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Traditional Ecological Knowledge in Environmental Decisionmaking

April 2019

Citation: ELR 10309

Author: Greta Swanson, Minnie Degawan, Kathy Hodgson-Smith, and Anthony Moffa

Traditional ecological knowledge (TEK) is defined as a deep understanding of the environment developed by local communities and indigenous peoples over generations. In the United States, Canada, and around the world, indigenous peoples are increasingly advocating for incorporation of TEK into a range of environmental decisionmaking contexts, including natural resource and wildlife management, pollution standards, environmental and social planning, environmental impact assessment, and adaptation to climate change. On October 31, 2018, ELI hosted an expert panel on TEK, co-sponsored by the National Native American Bar Association and the American Bar Association Section of Environment, Energy, and Resources. The panel discussed the challenges that  indigenous peoples face in defending the legitimacy of, and intellectual property in, TEK; how policymakers can modify existing laws and regulations to better incorporate TEK; and the potential for TEK to meet today’s most pressing environmental challenges. This Article presents a transcript of the discussion, which has been edited for style, clarity, and space considerations.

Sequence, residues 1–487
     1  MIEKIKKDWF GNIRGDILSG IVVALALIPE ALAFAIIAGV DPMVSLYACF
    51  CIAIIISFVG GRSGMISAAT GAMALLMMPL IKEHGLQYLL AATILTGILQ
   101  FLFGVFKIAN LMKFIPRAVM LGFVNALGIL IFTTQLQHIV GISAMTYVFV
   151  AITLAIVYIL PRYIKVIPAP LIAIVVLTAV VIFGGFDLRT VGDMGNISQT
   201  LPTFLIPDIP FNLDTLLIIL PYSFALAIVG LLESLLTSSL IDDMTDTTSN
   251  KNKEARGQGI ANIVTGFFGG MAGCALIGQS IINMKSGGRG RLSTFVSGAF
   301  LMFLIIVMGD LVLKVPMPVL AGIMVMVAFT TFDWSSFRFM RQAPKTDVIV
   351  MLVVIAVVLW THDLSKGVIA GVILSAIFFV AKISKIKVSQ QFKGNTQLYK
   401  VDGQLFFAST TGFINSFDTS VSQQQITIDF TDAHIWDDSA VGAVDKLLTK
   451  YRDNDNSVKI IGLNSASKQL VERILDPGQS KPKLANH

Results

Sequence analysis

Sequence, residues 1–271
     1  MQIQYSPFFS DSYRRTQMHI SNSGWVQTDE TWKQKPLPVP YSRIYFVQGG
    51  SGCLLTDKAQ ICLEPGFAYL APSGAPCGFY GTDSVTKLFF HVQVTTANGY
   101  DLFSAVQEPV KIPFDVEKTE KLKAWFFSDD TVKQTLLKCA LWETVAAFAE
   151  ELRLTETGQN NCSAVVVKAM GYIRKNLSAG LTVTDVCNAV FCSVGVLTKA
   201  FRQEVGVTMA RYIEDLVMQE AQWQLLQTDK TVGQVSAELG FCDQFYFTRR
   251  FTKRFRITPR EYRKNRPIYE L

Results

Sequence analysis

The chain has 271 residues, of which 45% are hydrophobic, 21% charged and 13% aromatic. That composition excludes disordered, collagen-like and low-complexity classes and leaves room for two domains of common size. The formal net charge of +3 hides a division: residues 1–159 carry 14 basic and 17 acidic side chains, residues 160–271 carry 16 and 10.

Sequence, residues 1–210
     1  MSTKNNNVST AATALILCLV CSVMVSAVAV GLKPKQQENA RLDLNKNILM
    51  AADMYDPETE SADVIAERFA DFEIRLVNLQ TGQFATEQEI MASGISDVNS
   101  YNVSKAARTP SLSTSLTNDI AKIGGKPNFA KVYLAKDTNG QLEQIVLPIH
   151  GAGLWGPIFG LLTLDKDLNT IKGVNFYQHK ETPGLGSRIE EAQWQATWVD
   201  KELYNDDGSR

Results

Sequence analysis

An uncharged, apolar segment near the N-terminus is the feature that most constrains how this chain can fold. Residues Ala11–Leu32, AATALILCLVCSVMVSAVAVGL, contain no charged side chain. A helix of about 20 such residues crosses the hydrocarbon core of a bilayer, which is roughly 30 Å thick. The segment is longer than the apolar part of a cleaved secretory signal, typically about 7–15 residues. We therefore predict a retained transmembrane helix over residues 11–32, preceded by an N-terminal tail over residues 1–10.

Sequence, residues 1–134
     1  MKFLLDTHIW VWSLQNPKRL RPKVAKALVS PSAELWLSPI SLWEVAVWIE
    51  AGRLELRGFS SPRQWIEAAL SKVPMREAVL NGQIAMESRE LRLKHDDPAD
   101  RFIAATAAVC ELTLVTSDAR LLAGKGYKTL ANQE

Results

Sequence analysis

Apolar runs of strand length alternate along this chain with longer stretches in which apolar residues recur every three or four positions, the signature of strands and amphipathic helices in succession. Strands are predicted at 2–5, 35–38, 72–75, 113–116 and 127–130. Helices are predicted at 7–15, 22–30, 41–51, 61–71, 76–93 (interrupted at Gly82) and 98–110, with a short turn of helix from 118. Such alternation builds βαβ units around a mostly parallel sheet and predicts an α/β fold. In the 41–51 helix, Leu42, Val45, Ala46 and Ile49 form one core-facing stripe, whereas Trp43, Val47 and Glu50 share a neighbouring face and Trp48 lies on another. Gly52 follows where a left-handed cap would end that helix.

Greta Swanson (moderator) is a Visiting Attorney at the Environmental Law Institute. Minnie Degawan is Director of the Indigenous and Traditional Peoples Program at Conservation International. Kathy Hodgson-Smith is an Attorney and TEK Member of the Commission for Environmental Cooperation. Anthony Moffa is a Visiting Associate Professor at the University of Maine School of Law and former Staff Attorney with the Office of General Counsel of the U.S. Environmental Protection Agency.

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